Price: $1929.00

About the ski: This ski is a piece of Swiss craftsmanship. The wood core is reinforced with double layers of titanal and also has longitudinal integrated carbon fiber that should provide even better performance on the slopes. This is a piste ski in its purest form, equipped with technology from the World Cup, including a higher percentage of sintered base for maximum glide. The price tag including binding and plate.

Review: The Stöckli WRT Pro is a stable at high speeds ski that is sharper than a Swiss Army knife. The ski performs well in both big and small turns and all testers agreed on how fun and competent this ski is when it comes to hard piste skiing. Enough said!

Rating: 4.9/5

salomon-s-race-gs3. Salomon S/Race GS

Lengths: 170, 175, and 180 cm
Tip: 115 mm
Waist: 68 mm
Tail: 97 mm
Radius: 18 meters (@ 175 cm)
Weight: 2115 grams (@ 175 cm)

About the ski: The Salomon S/RACE GS 12 is designed for advanced skiers who want to make giant slalom turns (GS = Giant Slalom) on the slopes and is released in a limited edition. Salomon has included what they call “Blade technology” in the skis, which consists of a titanium layer that is partially cut out and replaced with flexible polymer inserts that are supposed to make it easier to bend the ski and turn without losing speed. The ski is a lightweight version of what the competition skiers race on in the World Cup, which is advanced ski for regular skiers. The ski has an ash wood core, two layers of titanium, and a sandwich construction that provides “excellent conditions to crush all resistance” according to the French ski manufacturers at Salomon. The base is also ready for speed, as it is race base.

Review: This is an easy-to-ride and playful piste ski that can handle a significant amount of speed without turning too much. In comparison with the Fischer RC4 CT that had the same average rating (see below), some of the testers consider this ski from Salomon to be more easy-to-ride.

Rating: 4.25/5

Fischer RC4 CT4. Fischer RC4 CT

Lengths: 165, 170, 175, 180, and 185 cm
Tip: 113 mm
Waist: 65 mm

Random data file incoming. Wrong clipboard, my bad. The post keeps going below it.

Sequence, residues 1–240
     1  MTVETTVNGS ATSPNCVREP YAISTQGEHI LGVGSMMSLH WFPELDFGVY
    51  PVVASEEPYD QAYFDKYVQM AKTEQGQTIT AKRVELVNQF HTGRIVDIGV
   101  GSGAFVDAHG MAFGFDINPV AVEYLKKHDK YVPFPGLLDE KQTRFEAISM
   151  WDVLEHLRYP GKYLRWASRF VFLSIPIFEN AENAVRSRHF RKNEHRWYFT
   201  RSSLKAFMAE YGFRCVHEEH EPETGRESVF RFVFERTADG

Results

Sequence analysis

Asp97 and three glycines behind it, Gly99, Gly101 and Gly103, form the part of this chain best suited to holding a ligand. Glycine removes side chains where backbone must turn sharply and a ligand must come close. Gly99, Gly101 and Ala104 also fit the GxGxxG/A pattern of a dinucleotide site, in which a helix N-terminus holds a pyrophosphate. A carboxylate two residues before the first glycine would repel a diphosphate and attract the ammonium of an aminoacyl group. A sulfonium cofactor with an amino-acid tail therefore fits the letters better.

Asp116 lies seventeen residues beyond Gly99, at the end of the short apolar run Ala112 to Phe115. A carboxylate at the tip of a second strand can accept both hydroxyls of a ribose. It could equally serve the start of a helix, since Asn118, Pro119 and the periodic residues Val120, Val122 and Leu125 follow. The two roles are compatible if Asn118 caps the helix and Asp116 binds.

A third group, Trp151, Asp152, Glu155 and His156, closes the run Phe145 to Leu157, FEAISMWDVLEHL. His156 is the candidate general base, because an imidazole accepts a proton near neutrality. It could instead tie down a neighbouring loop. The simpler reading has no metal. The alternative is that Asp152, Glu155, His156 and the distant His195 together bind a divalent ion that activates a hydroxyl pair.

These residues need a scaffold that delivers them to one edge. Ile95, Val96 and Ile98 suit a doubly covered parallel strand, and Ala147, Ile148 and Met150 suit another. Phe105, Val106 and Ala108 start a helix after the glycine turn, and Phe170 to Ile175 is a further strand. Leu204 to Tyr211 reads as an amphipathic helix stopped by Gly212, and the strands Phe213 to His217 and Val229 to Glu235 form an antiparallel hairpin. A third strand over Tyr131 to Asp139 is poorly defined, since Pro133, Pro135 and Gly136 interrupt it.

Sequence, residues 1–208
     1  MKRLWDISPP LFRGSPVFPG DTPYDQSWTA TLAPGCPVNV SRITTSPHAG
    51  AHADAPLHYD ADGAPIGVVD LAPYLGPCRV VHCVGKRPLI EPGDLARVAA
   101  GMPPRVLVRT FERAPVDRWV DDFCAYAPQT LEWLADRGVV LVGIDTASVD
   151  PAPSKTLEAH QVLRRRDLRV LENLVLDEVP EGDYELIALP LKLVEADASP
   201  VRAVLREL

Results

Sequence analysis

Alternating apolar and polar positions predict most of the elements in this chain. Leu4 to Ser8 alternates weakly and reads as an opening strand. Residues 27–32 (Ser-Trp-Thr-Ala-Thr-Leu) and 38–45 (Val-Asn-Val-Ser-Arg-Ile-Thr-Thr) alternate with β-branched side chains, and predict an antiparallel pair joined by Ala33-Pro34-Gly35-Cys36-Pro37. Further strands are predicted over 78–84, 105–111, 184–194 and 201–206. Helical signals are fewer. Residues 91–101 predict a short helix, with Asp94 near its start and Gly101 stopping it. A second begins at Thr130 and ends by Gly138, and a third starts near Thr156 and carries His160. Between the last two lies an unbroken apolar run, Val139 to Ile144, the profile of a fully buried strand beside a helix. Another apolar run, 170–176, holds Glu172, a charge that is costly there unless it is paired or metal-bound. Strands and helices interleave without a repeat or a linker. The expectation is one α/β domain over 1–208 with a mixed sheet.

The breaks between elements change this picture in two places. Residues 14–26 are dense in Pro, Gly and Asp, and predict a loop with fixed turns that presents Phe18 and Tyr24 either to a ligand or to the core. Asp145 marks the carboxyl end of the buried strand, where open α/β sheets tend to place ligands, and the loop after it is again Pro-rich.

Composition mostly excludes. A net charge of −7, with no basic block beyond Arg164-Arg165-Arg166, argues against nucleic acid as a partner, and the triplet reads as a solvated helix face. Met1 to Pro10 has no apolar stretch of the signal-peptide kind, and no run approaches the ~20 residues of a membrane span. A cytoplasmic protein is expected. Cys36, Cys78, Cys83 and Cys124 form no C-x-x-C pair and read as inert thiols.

Tail: 98 mm
Radius: 15 meters (@ 175 cm)
Weight: 2350 grams (@ 175 cm)
Price: $1179.90

About the ski: The Fischer RC4 CT was released to the market three years ago and for 2023, the ski has been updated. Among other things, they added plexiglass in the cutout of the ski to prevent snow from getting in your face (which apparently has been a problem in previous models). Otherwise, this is a ski that turns a lot with full performance, constructed with double layers of metal and reinforced with carbon fiber. The price for the RC4 CT is including plate and binding.

Review: This is a ski that looks fast – and is fast. The Fischer RC4 CT is a challenging, hard, torsionally stiff, and heavy ski with good grip on ice. “I had to fight a bit but it was fun,” says one of the testers, which is a telling review of these race skis from Fischer.

Rating: 4.25/5

Völkl Deacon 76 Master5. Völkl Deacon 76 Master

Lengths: 171, 176, and 181 cm
Tip: 124 mm
Waist: 76 mm
Tail: 104 mm
Radius: 17.6 meters (@ 176 cm)
Weight: 2420 grams (@ 176 cm, including binding)
Price: $949.99

About the ski: Völkl has brought race standard to the consumer scene with a solid ash wood core used in the World Cup circuit along with two full layers of titanal. The Deacon also has a carbon fiber reinforcement to reduce vibrations and increase torsional stiffness. It comes with a race plate from Marker at 10 millimeters. The Deacon 76 Master has a camber construction with some tip and tail rocker. Material choices have been reduced to one thing – maximum performance.

Review: This is a true charger ski that requires its rider to be able to use its full potential. A ski for bigger turns that suits you who likes speed. If you want the same type of ski but shorter turns are recommended, the Deacon 72 Master instead, because it has a shorter radius. The race plate together with tip and tail rocker make the edge transitions lightning fast. A strong wood core and two layers of titanal were appreciated by the test rider who likes to go fast and relatively aggressive. With a strong construction, the ski adapts very well to the terrain, providing incredible stability. At the exit of the turn, all the accumulated energy is released, and the ski flexes beautifully back, providing an incredible acceleration out and into the next turn. Three things that impress are: the ski’s precision, strength, and how it is perceived as very responsive. The model is likely to do best and most justly in the company of an advanced rider. Starting with carving and buying this ski is not recommended as it requires a relatively committed rider with a race inclination.